by Jeremy Keighley

Why do I find myself here ?
the curse of my teenage years
its so narrow valley
where a cliff face looms white
over Victorian stone houses
with wet blue-grey slate roofs.

I ran at eighteen
back five years later
to find my roots
loved it/hated it
the cold/ the endless rain
but that June light
so clear, so focused, so perfect
on that tree-crowded town.

Those days and nights
spent in the Gate, the Boathouse
the County all gone now
that harsh-beautiful dialect
spoken by girls in terrible discos like prisons.
the crisp snow cracking alive under my boots
as rain – mud rain fell
cold from slate skies
washed away everything
let us sink into black holes

Oh
high above on the hills
the view
the space all laid out
like a model village
in the bowl below
the church clock
lit up white in the darkness
a second moon floating over the park
where the smell
of old men’s pipe tobacco
and “show me the way to Amarillo”
lingered over the football ground.
overgrown paths snake secretly
between hills and houses.

That buzz of excitement
On the M1
as the junction numbers got higher
and the miles got fewer
those vowel sounds I can still find
in the depths of my throat
those roots I once chopped
grown back fat and strong in the damp.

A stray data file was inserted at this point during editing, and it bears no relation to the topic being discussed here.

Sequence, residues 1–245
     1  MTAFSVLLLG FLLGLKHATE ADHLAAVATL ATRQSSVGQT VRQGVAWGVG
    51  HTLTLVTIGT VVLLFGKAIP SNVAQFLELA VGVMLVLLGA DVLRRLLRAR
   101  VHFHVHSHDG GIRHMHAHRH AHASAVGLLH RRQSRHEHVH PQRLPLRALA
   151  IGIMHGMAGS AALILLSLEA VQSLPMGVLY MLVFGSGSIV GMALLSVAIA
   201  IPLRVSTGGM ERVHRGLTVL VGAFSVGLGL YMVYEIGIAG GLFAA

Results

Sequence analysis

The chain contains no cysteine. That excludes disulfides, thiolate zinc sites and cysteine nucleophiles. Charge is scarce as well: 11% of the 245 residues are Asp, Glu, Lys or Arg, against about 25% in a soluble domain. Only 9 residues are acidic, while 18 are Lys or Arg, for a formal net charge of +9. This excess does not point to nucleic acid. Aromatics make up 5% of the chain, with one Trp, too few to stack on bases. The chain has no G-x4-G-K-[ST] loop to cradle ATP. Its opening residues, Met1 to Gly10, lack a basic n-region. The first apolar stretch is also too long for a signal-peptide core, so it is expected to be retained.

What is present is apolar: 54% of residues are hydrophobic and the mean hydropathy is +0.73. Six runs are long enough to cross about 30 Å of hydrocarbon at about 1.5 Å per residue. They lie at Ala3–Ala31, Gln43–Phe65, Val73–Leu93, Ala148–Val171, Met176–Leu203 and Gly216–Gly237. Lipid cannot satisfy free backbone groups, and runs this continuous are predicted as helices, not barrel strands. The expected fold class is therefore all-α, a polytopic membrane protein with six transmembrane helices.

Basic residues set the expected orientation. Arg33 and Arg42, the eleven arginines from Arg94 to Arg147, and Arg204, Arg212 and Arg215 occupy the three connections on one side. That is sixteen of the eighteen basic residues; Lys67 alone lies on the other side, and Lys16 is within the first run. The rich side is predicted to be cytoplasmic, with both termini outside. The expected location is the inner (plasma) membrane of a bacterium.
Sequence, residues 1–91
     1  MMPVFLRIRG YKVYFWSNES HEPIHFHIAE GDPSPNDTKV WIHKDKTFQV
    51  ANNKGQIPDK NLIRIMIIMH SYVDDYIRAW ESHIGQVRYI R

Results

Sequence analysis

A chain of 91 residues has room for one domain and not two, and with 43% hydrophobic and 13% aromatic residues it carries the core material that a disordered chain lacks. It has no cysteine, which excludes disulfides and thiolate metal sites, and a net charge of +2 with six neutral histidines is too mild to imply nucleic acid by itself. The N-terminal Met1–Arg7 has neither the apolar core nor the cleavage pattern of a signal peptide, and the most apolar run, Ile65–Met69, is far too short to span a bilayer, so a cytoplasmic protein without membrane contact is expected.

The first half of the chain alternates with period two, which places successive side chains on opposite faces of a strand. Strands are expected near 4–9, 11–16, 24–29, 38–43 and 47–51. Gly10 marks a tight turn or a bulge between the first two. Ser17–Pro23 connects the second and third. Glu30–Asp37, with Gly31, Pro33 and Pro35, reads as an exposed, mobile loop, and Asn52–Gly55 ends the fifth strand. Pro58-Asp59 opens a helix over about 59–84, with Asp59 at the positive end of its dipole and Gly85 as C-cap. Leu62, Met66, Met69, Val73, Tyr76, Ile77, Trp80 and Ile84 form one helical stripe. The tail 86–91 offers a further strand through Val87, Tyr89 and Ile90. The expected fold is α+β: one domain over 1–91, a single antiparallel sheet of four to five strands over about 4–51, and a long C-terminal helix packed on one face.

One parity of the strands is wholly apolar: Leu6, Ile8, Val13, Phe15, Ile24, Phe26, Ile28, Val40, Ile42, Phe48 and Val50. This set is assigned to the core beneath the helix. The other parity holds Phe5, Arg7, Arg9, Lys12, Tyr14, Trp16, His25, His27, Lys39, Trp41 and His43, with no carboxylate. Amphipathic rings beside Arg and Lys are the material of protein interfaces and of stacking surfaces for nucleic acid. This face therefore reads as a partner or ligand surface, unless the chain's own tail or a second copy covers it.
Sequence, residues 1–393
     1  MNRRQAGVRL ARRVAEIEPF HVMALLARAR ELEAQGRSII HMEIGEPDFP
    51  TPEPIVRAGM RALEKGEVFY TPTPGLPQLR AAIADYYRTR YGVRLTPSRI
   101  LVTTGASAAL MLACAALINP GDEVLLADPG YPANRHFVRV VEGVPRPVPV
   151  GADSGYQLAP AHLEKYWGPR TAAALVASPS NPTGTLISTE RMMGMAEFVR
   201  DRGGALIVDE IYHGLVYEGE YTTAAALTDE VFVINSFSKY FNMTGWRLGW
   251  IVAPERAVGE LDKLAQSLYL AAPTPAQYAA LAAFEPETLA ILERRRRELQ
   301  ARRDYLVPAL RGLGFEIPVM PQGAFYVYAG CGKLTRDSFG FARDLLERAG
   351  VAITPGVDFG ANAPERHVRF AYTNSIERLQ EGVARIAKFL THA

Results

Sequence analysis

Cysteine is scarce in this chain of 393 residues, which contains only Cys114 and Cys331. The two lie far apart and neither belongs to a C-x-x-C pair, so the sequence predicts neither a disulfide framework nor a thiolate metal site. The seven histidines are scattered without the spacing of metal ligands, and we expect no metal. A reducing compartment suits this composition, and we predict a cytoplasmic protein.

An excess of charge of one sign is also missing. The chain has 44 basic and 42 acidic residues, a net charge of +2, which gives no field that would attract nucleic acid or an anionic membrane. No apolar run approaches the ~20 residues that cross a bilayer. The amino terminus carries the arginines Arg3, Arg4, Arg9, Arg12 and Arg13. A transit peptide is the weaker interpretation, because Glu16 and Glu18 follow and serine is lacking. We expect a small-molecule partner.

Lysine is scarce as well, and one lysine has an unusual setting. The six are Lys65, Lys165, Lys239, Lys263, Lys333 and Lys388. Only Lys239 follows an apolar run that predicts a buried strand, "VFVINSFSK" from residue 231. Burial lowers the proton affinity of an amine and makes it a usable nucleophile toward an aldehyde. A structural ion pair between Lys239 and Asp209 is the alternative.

Jeremy Keighley was born and bred in Derbyshire, England and studied Comparative literature at the University of Essex. He moved to Vienna and then Amsterdam and has spent half his life living abroad. He now lives in Alkmaar, NL and works (non-poetically) in Amsterdam. Jeremy is a performing poet and has released 3 CDs with music by 3-Bop (Monkey Puzzle, Ophelia and Sandstorm). In his spare time he is also a long-distance runner, but has yet to find a way to combine this with writing poetry. He is married and has 4 children. He has poems published in various magazines including : Subdream Vienna, Lunar Poetry (London), Alkmaar Anders (Alkmaar NL), Fuselit Magazine (London) and Birdbook 2. Jeremy has one completed, but unpublished novel and is currently working on his second.

Photo credit: John Bennet

Print Friendly, PDF & Email